Can Modi Make A Deal?

India Today|November 11, 2019

Can Modi Make A Deal?
Since 2013, 16 nations, including the 10 members of the Association of South-East Asian Nations (ASEAN) and six of its free-trade partners—India, China, South Korea, Japan, Australia and New Zealand— have been locked in negotiations over a supersized trade deal. Known as the Regional Comprehensive Economic Partnership (RCEP), the deal attempts to form the world’s largest economic bloc, with a combined 39 per cent of global GDP. The deadline for negotiations is November 4, when the heads of state meet for the RCEP Leaders Summit. Even at this late stage, India’s position is complicated, because a deal will have serious consequences for domestic industry.
Anilesh S. Mahajan

As of October 10, negotiators had agreed on 21 of 25 chapters of a proposed RCEP deal. The remaining four chapters—relating to investment, e-commerce, rules of origin and trade remedies—are yet to be agreed upon. Tariffs are a key sticking point, with India demanding that a larger number of sensitive items qualify for an ‘auto trigger mechanism’ (whereby import duties automatically increase beyond a threshold). India also wants to use 2019 as the base year for calculations and to hammer out individual tariff rates with RCEP members. The majority of RCEP members say that once tariffs are reduced, they should not be increased; that 2013 should be the base year for calculations (as that is when negotiations began); that rates should be largely uniform across countries; and that an ‘auto-protect’ trigger should only apply in exceptional circumstances.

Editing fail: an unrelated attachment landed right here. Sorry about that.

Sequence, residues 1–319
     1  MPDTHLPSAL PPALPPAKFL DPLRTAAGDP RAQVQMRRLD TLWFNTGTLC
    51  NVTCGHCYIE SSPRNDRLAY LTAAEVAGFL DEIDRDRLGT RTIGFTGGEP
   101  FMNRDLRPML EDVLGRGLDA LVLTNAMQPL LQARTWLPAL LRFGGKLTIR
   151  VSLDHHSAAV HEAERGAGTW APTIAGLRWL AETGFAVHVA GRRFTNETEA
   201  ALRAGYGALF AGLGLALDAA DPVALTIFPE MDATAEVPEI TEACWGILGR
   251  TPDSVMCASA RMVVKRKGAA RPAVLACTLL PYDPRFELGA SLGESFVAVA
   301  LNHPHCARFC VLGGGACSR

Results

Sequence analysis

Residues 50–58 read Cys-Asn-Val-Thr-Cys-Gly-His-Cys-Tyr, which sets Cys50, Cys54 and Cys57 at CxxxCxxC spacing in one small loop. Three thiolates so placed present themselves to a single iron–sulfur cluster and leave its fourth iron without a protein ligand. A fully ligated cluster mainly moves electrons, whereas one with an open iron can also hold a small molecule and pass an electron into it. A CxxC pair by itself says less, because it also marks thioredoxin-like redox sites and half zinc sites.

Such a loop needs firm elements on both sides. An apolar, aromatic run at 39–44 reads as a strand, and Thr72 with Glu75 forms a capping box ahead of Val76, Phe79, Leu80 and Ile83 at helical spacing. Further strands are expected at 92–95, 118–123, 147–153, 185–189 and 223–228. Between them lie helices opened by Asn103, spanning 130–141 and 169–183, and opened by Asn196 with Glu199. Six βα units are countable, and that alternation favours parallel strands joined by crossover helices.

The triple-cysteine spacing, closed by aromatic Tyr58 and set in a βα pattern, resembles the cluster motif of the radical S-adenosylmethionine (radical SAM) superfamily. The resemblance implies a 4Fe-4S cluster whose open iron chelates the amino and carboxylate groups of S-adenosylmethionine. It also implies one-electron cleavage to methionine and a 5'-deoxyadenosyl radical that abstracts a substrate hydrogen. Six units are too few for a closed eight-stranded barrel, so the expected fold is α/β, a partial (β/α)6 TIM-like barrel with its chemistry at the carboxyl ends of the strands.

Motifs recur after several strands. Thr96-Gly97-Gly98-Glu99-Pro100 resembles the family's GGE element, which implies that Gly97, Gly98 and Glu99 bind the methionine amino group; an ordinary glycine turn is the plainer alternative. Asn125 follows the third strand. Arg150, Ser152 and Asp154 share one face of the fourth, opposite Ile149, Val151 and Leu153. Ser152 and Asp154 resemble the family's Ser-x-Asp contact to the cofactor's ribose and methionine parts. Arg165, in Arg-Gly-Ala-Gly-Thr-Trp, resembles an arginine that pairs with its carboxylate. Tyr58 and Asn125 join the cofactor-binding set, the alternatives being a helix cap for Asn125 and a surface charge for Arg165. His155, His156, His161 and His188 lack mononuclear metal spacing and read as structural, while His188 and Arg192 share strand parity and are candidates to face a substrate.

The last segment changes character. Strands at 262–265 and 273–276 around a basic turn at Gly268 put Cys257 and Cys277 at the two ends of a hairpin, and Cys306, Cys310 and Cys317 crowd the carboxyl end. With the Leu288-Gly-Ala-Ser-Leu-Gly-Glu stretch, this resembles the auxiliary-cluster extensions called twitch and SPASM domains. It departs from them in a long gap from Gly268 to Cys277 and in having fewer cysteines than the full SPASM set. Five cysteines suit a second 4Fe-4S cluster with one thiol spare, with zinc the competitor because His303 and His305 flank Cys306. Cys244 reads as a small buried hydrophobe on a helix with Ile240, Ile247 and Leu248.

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November 11, 2019